Congressman Ted Lieu (D-CA) called for the Department of Justice to investigate allegations that the NSO Group — a private Israeli surveillance company that provides software to governments to help them track terrorists, criminals, and anyone else they may want to target — offered “bags of cash” to representatives of an American mobile-security firm to gain access to date from worldwide cellular networks, according to an article in The Washington Post.
According to The Post:
“The mobile-phone security expert Gary Miller alleges that the offer came during a conference call in August 2017 between NSO Group officials and representatives of his employer at the time, Mobileum, a California-based company that provides security services to cellular companies worldwide. The NSO officials specifically were seeking access to what is called the SS7 network, which helps cellular companies route calls and services as their users roam the world, according to Miller.”
Access to the network allows surveillance companies like the NSO Group to pinpoint the location of mobile phone users and provide other information to their customers seeking to spy on targets that in the past have allegedly included journalists, human rights activists, business executives, and two women close to murdered Saudi journalist Jamal Khashoggi, according to an earlier investigation by The Washington Post.
NSO is the company behind the notorious Pegasus spyware package which it licenses to intelligence agencies and police departments around the globe, allowing its users to tap into smartphones it targets and not only determine their location but also listen to calls, monitor social media activity, and access the phone’s camera.
Miller, a former vice president of Mobileum who is now a mobile-security researcher for Citizen Lab, has been a harsh critic of NSO’s spyware and surveillance operations.
“The NSO Group was specifically interested in the mobile networks,” Miller said. “They stated explicitly that their product was designed for surveillance and it was designed to surveil not the good guys but the bad guys,” The Washington Post quotes the mobile security expert.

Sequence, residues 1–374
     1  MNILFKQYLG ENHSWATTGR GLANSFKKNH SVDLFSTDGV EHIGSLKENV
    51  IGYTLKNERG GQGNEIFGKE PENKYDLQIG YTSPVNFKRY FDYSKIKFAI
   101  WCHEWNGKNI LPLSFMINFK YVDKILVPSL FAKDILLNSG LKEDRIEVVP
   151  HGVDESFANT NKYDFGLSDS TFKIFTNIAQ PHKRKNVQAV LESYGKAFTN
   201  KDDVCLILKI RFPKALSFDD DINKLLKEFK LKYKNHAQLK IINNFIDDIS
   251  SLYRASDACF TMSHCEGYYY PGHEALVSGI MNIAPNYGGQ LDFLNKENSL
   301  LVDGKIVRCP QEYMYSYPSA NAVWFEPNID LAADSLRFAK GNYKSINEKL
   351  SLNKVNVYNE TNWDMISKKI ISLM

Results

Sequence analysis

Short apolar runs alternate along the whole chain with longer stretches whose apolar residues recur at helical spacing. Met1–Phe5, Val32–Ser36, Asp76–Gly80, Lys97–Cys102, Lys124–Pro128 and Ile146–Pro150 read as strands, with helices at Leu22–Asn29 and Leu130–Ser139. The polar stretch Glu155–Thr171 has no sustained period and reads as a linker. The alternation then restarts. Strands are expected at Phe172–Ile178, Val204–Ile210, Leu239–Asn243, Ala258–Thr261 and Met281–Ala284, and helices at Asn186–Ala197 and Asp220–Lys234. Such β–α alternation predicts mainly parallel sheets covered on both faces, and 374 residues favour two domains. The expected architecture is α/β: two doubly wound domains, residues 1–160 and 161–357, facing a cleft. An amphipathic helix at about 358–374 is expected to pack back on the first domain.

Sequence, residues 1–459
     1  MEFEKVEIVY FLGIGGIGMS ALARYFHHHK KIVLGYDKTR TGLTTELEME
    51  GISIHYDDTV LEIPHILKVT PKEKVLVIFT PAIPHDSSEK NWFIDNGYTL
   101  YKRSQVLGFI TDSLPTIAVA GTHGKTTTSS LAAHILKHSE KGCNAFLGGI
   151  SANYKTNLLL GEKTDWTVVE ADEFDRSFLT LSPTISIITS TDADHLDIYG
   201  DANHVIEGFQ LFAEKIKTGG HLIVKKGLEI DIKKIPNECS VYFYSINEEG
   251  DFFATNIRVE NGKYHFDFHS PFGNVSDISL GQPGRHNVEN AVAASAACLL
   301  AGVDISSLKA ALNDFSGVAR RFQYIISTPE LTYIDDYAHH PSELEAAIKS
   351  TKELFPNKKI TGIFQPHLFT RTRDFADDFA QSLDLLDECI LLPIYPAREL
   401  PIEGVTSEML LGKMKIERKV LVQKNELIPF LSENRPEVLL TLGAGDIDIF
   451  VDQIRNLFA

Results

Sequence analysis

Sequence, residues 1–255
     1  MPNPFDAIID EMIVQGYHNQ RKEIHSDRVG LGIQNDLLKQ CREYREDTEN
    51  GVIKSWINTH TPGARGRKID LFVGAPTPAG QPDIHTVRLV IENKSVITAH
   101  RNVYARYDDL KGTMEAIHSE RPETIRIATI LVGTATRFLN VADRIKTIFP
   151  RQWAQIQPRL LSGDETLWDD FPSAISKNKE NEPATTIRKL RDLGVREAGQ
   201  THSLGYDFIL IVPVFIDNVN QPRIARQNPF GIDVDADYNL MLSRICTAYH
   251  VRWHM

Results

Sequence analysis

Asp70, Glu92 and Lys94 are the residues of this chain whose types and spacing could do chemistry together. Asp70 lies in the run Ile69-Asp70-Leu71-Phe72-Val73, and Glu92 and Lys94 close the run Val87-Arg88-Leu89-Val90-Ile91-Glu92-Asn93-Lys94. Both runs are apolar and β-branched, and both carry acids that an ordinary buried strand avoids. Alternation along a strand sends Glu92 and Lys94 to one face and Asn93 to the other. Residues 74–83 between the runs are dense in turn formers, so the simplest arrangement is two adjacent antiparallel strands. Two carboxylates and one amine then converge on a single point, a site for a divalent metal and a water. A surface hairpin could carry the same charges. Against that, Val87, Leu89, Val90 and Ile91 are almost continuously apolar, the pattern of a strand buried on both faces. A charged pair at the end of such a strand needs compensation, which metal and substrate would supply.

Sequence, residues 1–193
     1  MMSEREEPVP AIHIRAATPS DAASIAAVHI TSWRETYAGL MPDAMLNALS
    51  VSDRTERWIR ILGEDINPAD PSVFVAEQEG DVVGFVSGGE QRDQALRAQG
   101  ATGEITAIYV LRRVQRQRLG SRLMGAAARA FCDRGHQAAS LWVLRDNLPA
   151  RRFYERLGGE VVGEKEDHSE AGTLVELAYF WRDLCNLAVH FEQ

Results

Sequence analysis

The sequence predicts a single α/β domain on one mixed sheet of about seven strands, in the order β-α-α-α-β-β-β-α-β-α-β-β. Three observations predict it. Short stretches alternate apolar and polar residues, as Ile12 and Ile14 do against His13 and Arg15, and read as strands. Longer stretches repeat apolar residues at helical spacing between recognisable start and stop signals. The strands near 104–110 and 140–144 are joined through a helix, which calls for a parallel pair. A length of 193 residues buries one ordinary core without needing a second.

“In Miller’s account to the Justice Department, when one of Mobileum’s representatives pointed out that security companies do not ordinarily offer services to surveillance companies and asked how such an arrangement would work, NSO co-founder Omri Lavie allegedly said, “We drop bags of cash at your office,” the newspaper reports.
After reporting the incident to an FBI tip line and getting no response, Miller contacted Congressman Lieu last year on account of the lawmaker’s documented interest in mobile phone security.
After hearing Miller’s accusations, Rep. Lieu sent a criminal referral to the Justice Department, saying that “having such access would allow the NSO to spy on vast numbers of cellphones in the United States and foreign countries.”
In a subsequent interview with The Washington Post, Congressman Lieu expressed his view that the alleged offer of “bags of cash” could indicate evidence of criminal intent on the part of NSO.
“I’m a former prosecutor, and you would do cash transactions because you want to hide it,” Lieu said. “When you have telecom companies and you have software companies, normally they don’t engage in cash transactions.”
He added, “It just looks really fishy, and it doesn’t smell right, and that’s why I want the Department of Justice to investigate.”
A statement from NSO claims that it has “never done any business with” Mobileum, that it “does not do business using cash as a form of payment,” and is not “aware of any DOJ investigation,” The Post reports.
While the Justice Department declined to comment on any potential investigation of NSO, John Tye of Whistleblower Aid, Miller’s attorney, reminded the public what was at stake.
“Now we know that NSO Group tried to purchase access to our mobile communications,” Tye said. “This should terrify every American. We urge the Department of Justice to investigate whether any laws were broken.”
Stay tuned for further developments in this important story.
Original reporting by Craig Timberg at The Washington Post.
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Vinnie Longobardo is the Managing Editor of Occupy Democrats. He's a 35-year veteran of the TV, mobile & internet industries, specializing in start-ups and the international media business. His passions are politics, music, and art.